As Jacque Mool and Sean Murray sat next to each other during orientation at Southern Illinois University School of Medicine in 2013, the school’s dean made a prediction: “By the time you graduate, your class will include eight couples.”
The two contributed to fulfilling that forecast fast. Within a month, Jacque had taken Sean home to meet her family, and Sean had basically moved into her apartment. They married right before graduation, and even hope to practice medicine together someday. “I just love that I can come home and talk about everything — about cases, attendings, frustrations,” says Jacque. “I don’t have to explain anything.”
Many medical couples feel the same kind of connection. In fact, nearly 40% of doctors have married other doctors or health care professionals, according to the American Medical Association. And while relationships involving a power differential, such as an attending dating an intern, can raise concerns and often are addressed by institutions’ guidelines, dating among medical students is so accepted that the National Resident Matching Program® created Couples in the Match® back in 1987. And if that is any indication, medical pairings are thriving: In 2018, the program drew 1,165 couples, up from 738 a decade ago.
Relationships during medical school or residency offer the loving ear and warm shoulder of a partner who understands the ups and downs of medicine. But they also can double the challenge of too little free time and punishing schedules. What’s more, romance sometimes goes sideways, possibly making for years of awkward interactions.
“Becoming a physician is a hard and beautiful journey. Finding someone to share it with means that no matter what you’re doing — anatomy lab, rotations, whatever — the other person knows what you’re going through and can support you along the way.”
Benjamin Chan, MD, University of Utah School of Medicine
The magic of medical love stories
Many medical relationships are built on shared values, similar passions, and deep commitments to medicine. “Becoming a physician is a hard and beautiful journey,” says Chan. “Finding someone to share it with means that no matter what you’re doing — anatomy lab, rotations, whatever — the other person knows what you’re going through and can support you along the way.”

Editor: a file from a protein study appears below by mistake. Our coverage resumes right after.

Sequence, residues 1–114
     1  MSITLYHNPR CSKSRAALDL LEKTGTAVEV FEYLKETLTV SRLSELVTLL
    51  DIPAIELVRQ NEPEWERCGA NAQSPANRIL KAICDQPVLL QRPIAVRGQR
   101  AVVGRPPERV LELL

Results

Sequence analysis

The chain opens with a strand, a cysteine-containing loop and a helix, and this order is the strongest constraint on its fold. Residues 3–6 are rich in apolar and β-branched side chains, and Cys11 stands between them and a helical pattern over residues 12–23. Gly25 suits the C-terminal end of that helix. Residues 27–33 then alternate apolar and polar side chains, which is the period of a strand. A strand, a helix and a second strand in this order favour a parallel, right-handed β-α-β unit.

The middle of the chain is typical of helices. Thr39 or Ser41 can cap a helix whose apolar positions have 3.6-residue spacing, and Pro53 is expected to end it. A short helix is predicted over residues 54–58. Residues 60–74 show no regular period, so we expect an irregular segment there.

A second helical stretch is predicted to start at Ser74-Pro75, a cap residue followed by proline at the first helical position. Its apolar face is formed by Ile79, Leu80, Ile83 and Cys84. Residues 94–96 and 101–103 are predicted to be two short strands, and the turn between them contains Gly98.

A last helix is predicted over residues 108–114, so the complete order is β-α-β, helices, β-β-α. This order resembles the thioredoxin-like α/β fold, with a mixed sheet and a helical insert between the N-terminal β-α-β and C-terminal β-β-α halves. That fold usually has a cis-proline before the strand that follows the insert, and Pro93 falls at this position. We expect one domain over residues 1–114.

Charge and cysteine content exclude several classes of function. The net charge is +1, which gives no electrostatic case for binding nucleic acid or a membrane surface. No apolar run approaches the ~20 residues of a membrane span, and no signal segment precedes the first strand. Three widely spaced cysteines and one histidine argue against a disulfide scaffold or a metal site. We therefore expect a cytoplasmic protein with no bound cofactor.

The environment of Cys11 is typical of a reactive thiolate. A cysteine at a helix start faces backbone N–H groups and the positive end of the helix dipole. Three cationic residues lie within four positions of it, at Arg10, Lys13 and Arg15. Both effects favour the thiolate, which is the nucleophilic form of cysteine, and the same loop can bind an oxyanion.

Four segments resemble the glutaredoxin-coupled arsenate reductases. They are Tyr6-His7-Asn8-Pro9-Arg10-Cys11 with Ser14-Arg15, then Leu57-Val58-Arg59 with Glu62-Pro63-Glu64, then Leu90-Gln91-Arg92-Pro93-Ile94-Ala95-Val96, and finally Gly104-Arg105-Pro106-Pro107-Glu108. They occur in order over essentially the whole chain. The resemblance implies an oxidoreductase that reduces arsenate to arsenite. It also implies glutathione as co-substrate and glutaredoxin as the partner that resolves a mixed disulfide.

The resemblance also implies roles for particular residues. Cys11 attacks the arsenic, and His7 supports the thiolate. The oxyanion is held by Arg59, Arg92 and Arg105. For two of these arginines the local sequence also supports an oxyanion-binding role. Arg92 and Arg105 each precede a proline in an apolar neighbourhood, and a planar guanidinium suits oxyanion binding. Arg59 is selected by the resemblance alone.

In fact, couples say that acting as one another’s sounding board — whether helping with a tough case or listening to complaints about difficult personalities — is tremendously satisfying. “The most successful doctors — really, the most successful people — are good at forgetting about themselves and making themselves into a servant of others,” says Charlie Stevens, MD. “It works in all relationships. The more you can do that, the better it is for you and your partner,” notes Stevens, who met his wife Danielle Rush Stevens, MD, at Oakland University William Beaumont School of Medicine.
There also are practical benefits to med school romances, like gaining a built-in study partner. “When we got tired of studying, we encouraged each other to keep going,” says Ariane Lemieux of how she worked with her fiancé Jeff Traylor, whom she met at the University of Texas at Austin Dell Medical School. “We quizzed each other constantly: while studying, in long lines at events — even occasionally on dates when a question popped up in our heads,” she adds. “We are able to push and support each other in a unique way.”
Managing the downsides
Dating a colleague or classmate also brings risks and challenges. If the relationship flames out, years of tension may lie ahead. “That can force fellow students or residents to have to pick sides. And it can make it uncomfortable for teachers and anyone who works with them, too,” says Chan.
Many couples manage that risk by keeping their relationship private. “Deciding when to go public was the trickiest part,” says Rush Stevens. “By the time we started dating, there were already couples in our class that were falling apart. So we didn’t tell many people for a few months.”
“Deciding when to go public was the trickiest part. By the time we started dating, there were already couples in our class that were falling apart. So we didn’t tell many people for a few months.”
Danielle Rush Stevens, MD, University of Texas Health Science Center
In addition, couples may fear how others will perceive them once they go public. “I worried that I might not be taken as seriously,” says Elise Campbell, MD, a resident at Johns Hopkins Medicine who met her husband, Brad Bennett, MD, at Sidney Kimmel Medical College at Thomas Jefferson University. “I had to tell him not to smooch or hug me in the hospital,” she adds. “[A]s a woman, I think I spend a lot more time worrying about how people perceive me.”